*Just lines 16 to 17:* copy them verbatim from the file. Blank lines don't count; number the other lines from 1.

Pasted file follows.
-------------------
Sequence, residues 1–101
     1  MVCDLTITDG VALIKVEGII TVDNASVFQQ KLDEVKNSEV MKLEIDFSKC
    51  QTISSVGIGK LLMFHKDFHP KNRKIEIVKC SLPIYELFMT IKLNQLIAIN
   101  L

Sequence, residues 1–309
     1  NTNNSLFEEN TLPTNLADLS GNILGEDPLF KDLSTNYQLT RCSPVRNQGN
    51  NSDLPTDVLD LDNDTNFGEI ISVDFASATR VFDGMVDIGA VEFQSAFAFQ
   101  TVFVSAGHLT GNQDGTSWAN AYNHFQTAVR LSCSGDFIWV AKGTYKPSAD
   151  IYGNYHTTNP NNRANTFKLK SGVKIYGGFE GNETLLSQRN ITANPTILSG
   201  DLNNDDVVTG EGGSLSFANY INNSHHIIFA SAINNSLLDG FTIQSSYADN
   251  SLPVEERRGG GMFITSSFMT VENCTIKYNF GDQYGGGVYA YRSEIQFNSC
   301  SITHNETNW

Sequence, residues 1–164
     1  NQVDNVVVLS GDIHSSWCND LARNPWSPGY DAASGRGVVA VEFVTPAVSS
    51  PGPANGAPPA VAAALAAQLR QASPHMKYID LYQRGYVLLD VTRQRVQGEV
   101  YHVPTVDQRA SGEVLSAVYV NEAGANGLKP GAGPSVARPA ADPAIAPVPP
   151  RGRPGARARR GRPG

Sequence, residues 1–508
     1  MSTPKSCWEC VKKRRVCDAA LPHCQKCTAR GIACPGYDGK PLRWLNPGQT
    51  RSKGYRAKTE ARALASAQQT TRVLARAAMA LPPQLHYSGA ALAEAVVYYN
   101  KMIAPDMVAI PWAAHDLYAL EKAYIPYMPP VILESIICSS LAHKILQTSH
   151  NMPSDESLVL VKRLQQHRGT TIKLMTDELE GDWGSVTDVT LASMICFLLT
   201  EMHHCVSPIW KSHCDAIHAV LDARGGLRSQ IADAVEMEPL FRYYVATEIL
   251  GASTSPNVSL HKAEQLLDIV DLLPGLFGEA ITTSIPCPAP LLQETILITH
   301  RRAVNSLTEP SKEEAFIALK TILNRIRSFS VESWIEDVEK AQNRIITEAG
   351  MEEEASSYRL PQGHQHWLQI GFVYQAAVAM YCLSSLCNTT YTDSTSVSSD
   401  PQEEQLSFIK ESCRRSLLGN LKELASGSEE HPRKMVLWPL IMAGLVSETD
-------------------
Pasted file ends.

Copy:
   101  YHVPTVDQRA SGEVLSAVYV NEAGANGLKP GAGPSVARPA ADPAIAPVPP
   151  RGRPGARARR GRPG